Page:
About a month ago, I started a well received discussion about unit-tests. What people think about them and how they help them to design systems or fix bugs.
Overall, the responses were in favour of unti-tests or at least automated testing in general. Some people were even advocating Test Driven Development (TDD) as a crucial part of their software design.
Only a minority didn't write unit-tests and all of them seemed like senior developers to me, people who don't have the feeling unit-tests would help them with their current problems.
I also had the impression, while many people write unit-tests, they use them in different ways. Sure, they check a small part of their code and they check it to ensure some kind of quality, but the approaches seem different.
To me it seemed like there are two main groups. People who start with a test and people who add them later.
Some use TDD to design their units, they think about how they want to use a part of their code, write a bunch of tests that reflect the desired behaviour and then they implement the tested part of code until the tests stop to fail.
Others also use TDD, but they find writing "good" tests to be the wrong way. They know what their code needs to do and how they want to use it later, so why bother writing tests for it? Instead they write tests for the edge-cases and look that their code fails when it gets wrong data.
And then thare are even people who say, TDD is just TDD. Like, if you write unit-tests somehow, then you are doing TDD.
All these approaches have the similarity that they form the structure of your code. If you want to do TDD, you need to write your code in a way that allows to access the units for testing from the outside.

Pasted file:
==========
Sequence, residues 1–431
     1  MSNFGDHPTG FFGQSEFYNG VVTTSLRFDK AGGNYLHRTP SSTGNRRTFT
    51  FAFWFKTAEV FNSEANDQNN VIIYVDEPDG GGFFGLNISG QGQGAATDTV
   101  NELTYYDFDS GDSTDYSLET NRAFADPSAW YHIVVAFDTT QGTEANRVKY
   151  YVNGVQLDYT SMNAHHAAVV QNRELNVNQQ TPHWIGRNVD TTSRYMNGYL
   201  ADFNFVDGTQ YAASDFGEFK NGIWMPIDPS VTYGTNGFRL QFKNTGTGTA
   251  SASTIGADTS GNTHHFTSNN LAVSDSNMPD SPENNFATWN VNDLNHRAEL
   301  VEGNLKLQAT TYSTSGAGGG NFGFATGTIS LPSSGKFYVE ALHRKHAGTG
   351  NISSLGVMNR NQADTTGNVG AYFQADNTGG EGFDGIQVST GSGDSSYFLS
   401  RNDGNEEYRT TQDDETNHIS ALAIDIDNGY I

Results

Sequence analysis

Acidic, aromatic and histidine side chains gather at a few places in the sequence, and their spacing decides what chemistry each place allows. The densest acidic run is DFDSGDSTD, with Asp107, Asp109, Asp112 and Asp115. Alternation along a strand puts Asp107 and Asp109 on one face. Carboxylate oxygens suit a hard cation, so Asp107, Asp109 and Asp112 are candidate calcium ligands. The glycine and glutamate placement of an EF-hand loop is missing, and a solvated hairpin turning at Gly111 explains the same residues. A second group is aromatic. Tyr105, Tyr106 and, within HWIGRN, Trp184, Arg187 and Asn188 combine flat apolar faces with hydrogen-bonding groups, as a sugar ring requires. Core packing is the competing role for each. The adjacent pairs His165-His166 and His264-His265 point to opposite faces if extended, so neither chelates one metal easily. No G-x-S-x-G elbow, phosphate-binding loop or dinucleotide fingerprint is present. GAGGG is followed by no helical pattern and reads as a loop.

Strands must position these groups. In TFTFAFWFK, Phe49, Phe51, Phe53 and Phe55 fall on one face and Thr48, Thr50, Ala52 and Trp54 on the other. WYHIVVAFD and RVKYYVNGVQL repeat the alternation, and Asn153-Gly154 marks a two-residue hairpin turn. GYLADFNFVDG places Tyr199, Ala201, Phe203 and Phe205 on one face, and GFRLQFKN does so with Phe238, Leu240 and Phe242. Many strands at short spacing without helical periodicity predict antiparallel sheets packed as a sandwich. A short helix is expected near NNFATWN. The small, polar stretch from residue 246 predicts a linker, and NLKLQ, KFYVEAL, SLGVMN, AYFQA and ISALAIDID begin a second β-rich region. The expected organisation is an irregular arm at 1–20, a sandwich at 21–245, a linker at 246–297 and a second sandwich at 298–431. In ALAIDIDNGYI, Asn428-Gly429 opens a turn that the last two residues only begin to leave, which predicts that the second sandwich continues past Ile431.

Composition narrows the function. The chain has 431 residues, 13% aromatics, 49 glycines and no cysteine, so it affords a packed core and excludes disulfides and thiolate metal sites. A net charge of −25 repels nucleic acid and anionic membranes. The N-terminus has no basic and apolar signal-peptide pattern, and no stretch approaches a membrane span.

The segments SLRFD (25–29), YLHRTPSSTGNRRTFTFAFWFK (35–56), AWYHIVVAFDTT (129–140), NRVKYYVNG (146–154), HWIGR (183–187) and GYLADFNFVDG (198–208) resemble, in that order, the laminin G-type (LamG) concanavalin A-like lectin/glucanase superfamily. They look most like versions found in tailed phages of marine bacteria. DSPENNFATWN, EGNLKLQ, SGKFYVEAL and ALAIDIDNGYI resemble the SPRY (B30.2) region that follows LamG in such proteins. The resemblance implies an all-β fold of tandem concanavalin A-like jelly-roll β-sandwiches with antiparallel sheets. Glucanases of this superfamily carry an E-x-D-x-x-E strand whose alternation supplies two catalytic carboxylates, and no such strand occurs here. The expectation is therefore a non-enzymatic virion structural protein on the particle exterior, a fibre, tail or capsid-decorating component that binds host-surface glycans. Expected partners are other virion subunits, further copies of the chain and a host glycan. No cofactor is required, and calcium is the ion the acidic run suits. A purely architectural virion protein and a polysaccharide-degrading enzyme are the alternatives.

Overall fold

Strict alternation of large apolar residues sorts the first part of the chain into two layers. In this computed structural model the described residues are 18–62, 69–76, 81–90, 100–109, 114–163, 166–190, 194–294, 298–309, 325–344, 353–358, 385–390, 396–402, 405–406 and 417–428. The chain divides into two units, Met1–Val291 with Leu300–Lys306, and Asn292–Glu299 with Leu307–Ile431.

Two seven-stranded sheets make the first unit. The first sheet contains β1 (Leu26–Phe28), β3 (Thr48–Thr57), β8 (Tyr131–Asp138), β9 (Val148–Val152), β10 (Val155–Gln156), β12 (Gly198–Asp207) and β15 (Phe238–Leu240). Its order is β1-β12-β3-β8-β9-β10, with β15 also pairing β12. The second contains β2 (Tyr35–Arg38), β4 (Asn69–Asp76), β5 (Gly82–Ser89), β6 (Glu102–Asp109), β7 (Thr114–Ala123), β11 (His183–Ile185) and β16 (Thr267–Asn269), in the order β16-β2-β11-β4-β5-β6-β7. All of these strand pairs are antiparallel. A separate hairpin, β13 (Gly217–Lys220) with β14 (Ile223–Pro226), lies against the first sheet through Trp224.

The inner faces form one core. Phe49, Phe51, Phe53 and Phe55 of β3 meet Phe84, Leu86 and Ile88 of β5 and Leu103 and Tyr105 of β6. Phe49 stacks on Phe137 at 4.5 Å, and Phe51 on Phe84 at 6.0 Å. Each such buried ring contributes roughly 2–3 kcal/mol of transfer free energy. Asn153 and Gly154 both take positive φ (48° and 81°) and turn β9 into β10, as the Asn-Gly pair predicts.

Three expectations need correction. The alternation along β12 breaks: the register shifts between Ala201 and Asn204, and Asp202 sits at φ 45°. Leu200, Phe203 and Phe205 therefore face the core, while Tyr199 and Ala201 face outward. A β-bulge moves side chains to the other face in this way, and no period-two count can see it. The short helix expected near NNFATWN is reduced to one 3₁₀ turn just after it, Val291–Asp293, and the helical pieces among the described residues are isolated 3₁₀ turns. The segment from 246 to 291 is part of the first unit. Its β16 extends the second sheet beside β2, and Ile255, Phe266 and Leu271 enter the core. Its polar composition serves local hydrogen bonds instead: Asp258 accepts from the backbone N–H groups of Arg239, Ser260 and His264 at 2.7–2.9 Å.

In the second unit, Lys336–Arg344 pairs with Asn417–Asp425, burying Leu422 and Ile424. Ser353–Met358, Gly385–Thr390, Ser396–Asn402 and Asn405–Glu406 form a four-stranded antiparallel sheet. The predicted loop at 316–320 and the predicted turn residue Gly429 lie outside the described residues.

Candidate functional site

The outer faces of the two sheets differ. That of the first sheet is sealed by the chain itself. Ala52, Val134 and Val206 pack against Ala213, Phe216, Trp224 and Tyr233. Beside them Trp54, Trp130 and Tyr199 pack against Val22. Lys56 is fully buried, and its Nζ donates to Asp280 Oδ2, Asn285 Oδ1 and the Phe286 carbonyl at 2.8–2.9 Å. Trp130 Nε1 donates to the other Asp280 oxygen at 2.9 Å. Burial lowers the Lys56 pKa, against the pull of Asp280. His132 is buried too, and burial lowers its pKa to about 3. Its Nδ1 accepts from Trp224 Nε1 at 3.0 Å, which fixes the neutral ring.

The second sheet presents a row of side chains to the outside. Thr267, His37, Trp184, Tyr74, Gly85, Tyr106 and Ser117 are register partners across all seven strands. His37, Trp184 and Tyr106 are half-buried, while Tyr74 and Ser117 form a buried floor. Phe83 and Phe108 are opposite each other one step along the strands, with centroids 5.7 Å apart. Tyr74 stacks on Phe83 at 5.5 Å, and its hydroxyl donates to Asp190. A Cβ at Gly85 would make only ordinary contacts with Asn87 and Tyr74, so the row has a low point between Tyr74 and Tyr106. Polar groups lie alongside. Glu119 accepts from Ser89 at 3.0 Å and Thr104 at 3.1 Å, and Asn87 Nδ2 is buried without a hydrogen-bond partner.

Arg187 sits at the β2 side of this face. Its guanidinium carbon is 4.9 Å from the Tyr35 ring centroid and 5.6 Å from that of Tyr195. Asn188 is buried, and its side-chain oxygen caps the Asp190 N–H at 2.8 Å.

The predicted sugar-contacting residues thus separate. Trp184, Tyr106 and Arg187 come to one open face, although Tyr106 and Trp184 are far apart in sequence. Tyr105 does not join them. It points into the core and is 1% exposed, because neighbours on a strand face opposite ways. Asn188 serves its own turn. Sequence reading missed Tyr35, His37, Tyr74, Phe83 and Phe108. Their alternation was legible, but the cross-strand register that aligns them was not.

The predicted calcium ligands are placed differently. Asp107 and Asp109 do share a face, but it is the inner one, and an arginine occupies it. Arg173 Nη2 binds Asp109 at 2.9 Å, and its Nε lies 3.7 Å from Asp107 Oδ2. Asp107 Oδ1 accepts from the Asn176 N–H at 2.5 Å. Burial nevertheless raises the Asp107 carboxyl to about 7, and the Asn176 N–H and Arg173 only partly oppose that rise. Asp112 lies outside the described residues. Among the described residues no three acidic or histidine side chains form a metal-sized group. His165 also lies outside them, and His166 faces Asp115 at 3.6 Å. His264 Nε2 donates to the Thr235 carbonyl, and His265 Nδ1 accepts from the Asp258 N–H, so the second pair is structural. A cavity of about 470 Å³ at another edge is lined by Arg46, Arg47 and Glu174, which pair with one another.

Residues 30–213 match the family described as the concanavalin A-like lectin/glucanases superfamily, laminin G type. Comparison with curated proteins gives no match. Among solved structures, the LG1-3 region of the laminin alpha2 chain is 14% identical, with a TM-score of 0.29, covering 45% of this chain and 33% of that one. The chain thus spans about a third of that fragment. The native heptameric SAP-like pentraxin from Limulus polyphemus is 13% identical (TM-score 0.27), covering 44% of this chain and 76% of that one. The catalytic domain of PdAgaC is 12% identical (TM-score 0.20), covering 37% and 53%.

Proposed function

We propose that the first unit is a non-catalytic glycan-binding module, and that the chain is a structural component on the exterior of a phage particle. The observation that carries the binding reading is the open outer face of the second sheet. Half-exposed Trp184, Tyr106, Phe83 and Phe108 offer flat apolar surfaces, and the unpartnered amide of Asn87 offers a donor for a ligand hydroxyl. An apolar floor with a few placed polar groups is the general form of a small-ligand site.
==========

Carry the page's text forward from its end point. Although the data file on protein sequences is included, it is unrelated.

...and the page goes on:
With TDD your code may end up being more modular and with better encapsulation than without it.
Still one could argue that structuring code for tests instead of the real problems at had shouldn't be the goal, on the other hand if you write code with SOLID principles in mind, you end up with easily testable code too, so maybe the SOLID and TDD are simply two sides of the same coin?
I think this is why some of the senior developers don't see much value in TDD, they have the impression it doesn't add anything to the code they already write.
But there are plenty of senior developers out there who do TDD, because it's an easier way to enforce SOLID principles without thinking. You write your tests and then your code and can be pretty save that the resulting code is reasonably good while you have enough mental capacity left for other problems of the project.
Lets call the next kind of developers Bug Driven Testers (BDT). They code their software without any automated tests and later, when the manual testers or production users report some errors, they track down the bug and write a minimal test case to reproduce that bug. Later they fix it so the test passes.
Some say they only write such tests for nasty bugs or bugs that are hard to reproduce manually.
Some say they keep the tests forever and some say, if the bug hasn't shown up for a year, delete the test. Because if you write a test for every bug, you can end up with hundrets of them after some years, which slow the CI/CD process down quite a bit.